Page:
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NY Mets Monday Morning GM: The band needs to break up

LOS ANGELES, CA - AUGUST 22: Dominic Smith #2 of the New York Mets tapes up his bat during the game against the Los Angeles Dodgers at Dodger Stadium on August 22, 2021 in Los Angeles, California. The Mets defeated the Dodgers 7-2. (Photo by Rob Leiter/MLB Photos via Getty Images)
LOS ANGELES, CA - AUGUST 22: Dominic Smith #2 of the New York Mets tapes up his bat during the game against the Los Angeles Dodgers at Dodger Stadium on August 22, 2021 in Los Angeles, California. The Mets defeated the Dodgers 7-2. (Photo by Rob Leiter/MLB Photos via Getty Images)
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Now is the winter of our discontent. Not really. I’ve just never used that phrase before. And it fits, a little bit, with what lies ahead for the New York Mets. Their winter has already begun and surely you feel a little bit of discontent to see it come to a conclusion as scheduled.

October will be the month where Mets coverage all of the world from Flushing to Bora Bora will recap what we just witnessed but also look ahead to what the team needs to do.

Whatever you believe about this organization, there’s a ton of work to be done. Finishing below .500 is inexcusable. This is precisely why it’s important to break up the band.

Every Mets free agent wants to come back but the front office needs to be their Yoko Ono

It has been reported multiple places how many of the upcoming Mets free agents would like to be with the team in 2022. I don’t really blame them. It’s a decent situation to be in. Plus, they don’t have to move or anything. More importantly, it’s just a good thing to say you want to be back.

Core members of the franchise are headed to free agency for the first time this winter. Michael Conforto and Noah Syndergaard are the two mainstays we could see depart. Equally as important if not more so is the free agency status of stars Javier Baez and Marcus Stroman. Add in the rest of the free agent crop plus the ill-fitting trade candidates and we have a club where a whole lot of players could be on the move one way or another.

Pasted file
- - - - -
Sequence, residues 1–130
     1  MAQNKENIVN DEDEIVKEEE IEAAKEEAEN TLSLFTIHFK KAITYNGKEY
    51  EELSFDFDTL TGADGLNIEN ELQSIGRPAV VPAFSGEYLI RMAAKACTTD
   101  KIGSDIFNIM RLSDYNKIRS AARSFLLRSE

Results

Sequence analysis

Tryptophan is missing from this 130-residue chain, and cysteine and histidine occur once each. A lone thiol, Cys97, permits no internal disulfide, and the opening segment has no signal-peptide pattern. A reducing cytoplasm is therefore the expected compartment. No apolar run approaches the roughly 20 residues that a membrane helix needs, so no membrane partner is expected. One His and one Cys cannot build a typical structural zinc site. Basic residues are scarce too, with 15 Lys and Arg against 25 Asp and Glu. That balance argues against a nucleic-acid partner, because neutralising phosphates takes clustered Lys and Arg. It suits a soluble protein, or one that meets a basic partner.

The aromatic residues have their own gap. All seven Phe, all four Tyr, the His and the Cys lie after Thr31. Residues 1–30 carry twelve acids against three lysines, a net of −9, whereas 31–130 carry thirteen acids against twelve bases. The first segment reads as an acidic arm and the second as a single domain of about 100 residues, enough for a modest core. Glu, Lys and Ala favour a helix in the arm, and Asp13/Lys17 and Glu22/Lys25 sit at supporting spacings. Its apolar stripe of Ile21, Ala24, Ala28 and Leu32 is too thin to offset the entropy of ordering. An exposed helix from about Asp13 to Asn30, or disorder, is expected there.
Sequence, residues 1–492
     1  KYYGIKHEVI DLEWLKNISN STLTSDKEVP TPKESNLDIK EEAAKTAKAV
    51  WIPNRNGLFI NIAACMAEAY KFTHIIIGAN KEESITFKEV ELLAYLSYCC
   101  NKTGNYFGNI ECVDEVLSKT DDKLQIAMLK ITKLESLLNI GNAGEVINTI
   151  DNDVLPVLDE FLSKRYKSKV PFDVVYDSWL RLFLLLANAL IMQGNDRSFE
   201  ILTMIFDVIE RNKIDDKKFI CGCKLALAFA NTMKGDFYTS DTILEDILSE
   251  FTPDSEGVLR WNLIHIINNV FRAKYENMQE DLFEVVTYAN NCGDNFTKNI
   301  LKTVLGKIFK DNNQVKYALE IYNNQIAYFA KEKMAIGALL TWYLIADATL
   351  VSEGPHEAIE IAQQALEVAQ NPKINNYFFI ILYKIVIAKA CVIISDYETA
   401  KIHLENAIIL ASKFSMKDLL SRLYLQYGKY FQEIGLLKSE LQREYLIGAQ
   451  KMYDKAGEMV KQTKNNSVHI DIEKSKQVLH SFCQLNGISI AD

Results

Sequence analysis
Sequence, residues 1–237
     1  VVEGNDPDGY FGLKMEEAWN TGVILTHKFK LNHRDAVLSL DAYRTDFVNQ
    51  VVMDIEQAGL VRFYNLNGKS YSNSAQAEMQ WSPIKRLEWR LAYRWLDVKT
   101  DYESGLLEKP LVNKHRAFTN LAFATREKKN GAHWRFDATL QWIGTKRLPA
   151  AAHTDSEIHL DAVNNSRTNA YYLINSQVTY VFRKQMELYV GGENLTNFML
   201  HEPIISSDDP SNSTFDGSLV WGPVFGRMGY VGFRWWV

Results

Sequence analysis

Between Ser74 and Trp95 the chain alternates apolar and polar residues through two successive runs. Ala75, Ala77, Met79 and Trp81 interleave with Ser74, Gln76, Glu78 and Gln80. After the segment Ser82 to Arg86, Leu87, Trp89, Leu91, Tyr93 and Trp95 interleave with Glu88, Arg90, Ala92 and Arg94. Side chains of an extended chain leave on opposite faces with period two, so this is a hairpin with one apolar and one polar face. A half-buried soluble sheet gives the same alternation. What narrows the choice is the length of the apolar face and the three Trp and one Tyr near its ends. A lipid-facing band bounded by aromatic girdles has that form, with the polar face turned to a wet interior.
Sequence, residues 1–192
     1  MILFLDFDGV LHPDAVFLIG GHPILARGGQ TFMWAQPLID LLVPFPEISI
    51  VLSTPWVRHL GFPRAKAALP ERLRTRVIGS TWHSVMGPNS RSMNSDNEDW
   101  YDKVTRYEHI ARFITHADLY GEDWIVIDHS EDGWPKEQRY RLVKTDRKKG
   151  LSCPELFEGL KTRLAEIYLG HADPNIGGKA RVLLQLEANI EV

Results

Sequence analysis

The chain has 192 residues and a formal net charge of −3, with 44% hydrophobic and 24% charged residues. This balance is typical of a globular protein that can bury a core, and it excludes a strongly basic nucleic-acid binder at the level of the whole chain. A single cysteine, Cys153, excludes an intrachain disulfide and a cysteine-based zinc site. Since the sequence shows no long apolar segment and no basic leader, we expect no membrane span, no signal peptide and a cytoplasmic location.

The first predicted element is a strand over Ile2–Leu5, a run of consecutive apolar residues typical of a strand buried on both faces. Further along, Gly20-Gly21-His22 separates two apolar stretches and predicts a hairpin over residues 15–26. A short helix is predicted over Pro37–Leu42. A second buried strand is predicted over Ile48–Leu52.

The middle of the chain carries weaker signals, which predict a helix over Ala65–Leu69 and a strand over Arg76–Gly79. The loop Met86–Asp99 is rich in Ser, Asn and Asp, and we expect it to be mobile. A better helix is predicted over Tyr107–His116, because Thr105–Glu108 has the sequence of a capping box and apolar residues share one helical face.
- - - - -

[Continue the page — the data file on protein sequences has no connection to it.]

We saw this current front office regime undergo a major overhaul last winter. They cleaned up the mess started by Brodie Van Wagenen—or at least attempted to. There is only so much bleach you can pour on a bad bullpen before the smell overwhelms you.

Theoretically, if all the Mets did was come back in 2022 with the same roster but healthy, they might look like a capable team. A full year of Jacob deGrom improves their chances drastically. The same goes for Syndergaard and Baez. How can this club possibly not compete with these guys having average years?

That’s where the problem lies. Very few players on the 2021 club met their personal mean. It couldn’t possibly happen again, could it?

A lot went wrong for the 2021 Mets. Much was out of their control. You never can tell who will or won’t get hurt. Still, it’s not a good enough excuse. There is none when you lose your spot atop the division in early August after holding onto it for so long.

Next. 3 ways the Mets failed, 3 ways they succeeded

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As good as the team might look on paper with everyone returning, it’s not going to work. By no means should the franchise blow it all up and start anew. Instead, they need to once again reassess themselves. The best players aren’t always the right ones.

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